FALMOUTH — Dr. Ferris Ray, a renowned vascular surgeon at Maine Medical Center and a former leader of the Maine Surgical Care Group, died Saturday at the age of 83.

“He was our hero,” said Dr. Richard Dillihunt, who worked alongside Dr. Ray for 30 years. “He had the ability to pass along the basic information and the qualities he had to others, and all his students who became surgeons under his guidance were that much better for it.”

Originally from Eastport, Dr. Ray enrolled at the University of Maine and worked his way through undergraduate school. He attended Tufts for medical school, intending to return to Eastport and start a small family practice, said his daughter Kathy Ray.

“During his early training, he found out he had a skill and interest in surgery,” she said, and his teachers encouraged him to pursue a career as a surgeon.

The proudest moment of Dr. Ray’s 40-year career at Maine Medical Center came when he led the operating room team during the first kidney transplant in Maine, in October 1971.

“He was able to take it in stride and accomplish (the transplant) as if he’d been doing transplants for some time, even though it was the first one,” Dillihunt said.

Dr. Ray established his reputation by devoting his attention to vascular surgery, developing the new specialty and teaching it to medical residents, his colleague said. He also was known for strong doctor-patient relationships and his ability to improvise during operations to handle unexpected problems.

“Few surgeons are endowed with such confidence,” Dillihunt said. “His colleagues recognized (these traits) and accepted it with admiration, never with jealousy.”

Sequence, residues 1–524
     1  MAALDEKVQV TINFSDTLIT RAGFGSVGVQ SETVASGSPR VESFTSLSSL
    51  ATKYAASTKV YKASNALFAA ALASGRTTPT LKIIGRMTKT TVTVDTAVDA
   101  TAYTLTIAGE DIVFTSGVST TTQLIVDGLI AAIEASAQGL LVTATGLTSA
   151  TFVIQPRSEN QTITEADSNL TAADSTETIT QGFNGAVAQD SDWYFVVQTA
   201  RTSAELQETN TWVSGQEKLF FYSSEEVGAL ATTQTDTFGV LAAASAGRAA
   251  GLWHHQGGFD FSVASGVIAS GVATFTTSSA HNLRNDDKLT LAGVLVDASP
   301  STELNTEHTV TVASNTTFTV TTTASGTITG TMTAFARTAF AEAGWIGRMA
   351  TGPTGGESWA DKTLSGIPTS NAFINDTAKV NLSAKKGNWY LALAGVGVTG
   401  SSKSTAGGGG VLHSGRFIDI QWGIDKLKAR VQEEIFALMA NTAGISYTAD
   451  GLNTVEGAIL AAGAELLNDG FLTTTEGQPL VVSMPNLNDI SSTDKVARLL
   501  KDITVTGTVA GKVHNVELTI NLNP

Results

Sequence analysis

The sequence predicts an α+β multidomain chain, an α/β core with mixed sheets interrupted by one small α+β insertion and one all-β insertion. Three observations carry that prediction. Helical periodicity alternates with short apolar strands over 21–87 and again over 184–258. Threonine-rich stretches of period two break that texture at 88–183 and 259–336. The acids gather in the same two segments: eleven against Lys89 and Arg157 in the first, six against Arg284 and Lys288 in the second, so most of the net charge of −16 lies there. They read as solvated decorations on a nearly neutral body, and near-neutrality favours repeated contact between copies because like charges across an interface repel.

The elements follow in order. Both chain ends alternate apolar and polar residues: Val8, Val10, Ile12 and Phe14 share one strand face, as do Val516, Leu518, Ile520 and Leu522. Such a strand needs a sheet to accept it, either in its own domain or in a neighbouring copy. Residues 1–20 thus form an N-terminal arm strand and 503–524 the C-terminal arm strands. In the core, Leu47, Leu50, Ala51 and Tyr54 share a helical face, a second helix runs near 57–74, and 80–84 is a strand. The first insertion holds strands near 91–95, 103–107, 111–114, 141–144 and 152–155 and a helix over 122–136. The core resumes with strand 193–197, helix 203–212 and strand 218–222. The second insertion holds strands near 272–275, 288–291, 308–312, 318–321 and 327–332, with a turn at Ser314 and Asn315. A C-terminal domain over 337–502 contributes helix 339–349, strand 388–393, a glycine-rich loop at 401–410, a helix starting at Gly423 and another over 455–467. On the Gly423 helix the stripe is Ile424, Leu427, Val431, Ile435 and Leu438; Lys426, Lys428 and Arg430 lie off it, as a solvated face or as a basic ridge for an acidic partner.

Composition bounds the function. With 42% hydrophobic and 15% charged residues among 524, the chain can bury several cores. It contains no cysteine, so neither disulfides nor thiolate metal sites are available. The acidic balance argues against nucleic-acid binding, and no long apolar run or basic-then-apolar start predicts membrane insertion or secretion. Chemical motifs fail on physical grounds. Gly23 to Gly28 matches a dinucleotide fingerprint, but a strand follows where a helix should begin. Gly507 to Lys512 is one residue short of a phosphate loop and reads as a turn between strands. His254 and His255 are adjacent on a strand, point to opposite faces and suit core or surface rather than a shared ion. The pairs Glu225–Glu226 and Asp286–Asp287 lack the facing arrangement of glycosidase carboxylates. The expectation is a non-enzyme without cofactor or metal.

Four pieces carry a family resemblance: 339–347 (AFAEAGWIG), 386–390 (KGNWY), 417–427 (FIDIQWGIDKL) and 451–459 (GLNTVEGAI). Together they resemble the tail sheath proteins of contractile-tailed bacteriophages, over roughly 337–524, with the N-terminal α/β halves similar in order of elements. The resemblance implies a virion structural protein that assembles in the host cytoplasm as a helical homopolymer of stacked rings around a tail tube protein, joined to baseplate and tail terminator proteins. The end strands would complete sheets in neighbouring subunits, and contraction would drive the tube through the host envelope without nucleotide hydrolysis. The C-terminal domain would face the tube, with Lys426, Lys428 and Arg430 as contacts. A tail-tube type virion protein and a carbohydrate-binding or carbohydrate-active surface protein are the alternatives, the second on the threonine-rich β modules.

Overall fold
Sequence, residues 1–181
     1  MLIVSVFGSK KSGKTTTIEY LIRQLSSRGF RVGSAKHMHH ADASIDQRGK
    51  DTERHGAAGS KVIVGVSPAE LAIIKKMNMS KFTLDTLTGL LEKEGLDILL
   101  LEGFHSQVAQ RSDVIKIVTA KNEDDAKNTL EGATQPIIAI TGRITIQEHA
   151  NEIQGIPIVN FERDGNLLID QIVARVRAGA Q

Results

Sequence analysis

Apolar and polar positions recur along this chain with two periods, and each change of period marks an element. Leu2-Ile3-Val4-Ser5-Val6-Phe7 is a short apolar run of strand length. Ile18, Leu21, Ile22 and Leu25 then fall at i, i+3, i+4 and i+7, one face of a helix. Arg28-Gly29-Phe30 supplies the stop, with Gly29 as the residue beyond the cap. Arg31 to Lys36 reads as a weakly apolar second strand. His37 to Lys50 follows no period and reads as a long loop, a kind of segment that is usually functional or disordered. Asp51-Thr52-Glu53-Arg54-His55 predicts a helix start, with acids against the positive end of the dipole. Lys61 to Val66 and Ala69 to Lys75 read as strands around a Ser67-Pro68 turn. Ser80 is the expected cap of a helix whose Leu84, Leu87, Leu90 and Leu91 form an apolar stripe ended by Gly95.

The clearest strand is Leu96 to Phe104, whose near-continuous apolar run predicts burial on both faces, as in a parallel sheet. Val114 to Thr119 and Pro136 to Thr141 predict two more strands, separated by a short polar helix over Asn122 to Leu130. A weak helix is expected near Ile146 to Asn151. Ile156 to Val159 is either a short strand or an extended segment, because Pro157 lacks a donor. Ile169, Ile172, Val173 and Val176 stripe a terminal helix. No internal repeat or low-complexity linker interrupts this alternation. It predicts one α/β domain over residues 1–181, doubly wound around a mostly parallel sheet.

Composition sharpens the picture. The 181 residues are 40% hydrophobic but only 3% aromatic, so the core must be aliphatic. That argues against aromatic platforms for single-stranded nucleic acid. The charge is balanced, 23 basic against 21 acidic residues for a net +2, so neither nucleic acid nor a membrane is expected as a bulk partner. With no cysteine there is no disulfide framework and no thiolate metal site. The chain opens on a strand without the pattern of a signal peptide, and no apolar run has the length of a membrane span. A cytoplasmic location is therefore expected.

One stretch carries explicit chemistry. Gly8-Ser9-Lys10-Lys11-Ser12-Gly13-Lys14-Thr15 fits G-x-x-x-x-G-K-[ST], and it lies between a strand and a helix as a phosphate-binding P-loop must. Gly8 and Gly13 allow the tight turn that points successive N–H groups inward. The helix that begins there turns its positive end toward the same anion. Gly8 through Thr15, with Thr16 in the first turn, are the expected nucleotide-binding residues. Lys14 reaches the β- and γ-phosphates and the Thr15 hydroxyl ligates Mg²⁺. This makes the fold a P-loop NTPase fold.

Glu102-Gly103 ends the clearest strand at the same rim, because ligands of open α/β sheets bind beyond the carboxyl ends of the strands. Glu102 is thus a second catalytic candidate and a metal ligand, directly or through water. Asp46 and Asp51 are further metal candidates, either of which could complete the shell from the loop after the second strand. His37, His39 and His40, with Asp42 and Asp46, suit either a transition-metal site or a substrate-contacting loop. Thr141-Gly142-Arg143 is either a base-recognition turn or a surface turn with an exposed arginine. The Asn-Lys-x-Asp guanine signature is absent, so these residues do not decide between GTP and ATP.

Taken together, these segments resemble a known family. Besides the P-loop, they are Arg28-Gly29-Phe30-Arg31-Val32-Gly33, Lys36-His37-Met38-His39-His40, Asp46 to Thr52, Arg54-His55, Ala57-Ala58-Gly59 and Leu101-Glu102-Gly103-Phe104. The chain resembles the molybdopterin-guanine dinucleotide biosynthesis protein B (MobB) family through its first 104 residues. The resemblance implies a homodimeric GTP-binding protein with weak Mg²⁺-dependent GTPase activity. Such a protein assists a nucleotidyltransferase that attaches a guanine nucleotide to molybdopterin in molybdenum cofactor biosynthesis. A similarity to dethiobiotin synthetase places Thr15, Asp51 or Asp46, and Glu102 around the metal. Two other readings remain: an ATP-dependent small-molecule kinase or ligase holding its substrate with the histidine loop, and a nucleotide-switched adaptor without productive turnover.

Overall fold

Dr. Ray was a member of practically all of the local, regional and national societies pertaining to his specialty, Dillihunt said.

With an incredible work ethic, Dr. Ray dedicated himself to his career until he retired in 1989, his daughter said. He continued teaching residents and students and working in utilization review for the hospital until 1994.

During his retirement, he focused on his four children and attended his eight grandchildren’s various events. He also played bridge, golf and tennis, tended to his garden and honed his fly-fishing skills.

“I thought he’d be bored (during retirement), but he was always doing something,” his daughter said.

Kathy Ray said her father influenced her career choice, as well as her brother’s.

“My brother and I, we observed the immense gratification he got from helping people,” she said. “It was such a rewarding career for him. That’s what I took away from it.”

She said becoming a physician was an obvious choice for her.

“His values were in the right place,” she said. “He was just so inspiring.”


Staff Writer Emma Bouthillette can be contacted at 791-6325 or at: [email protected]


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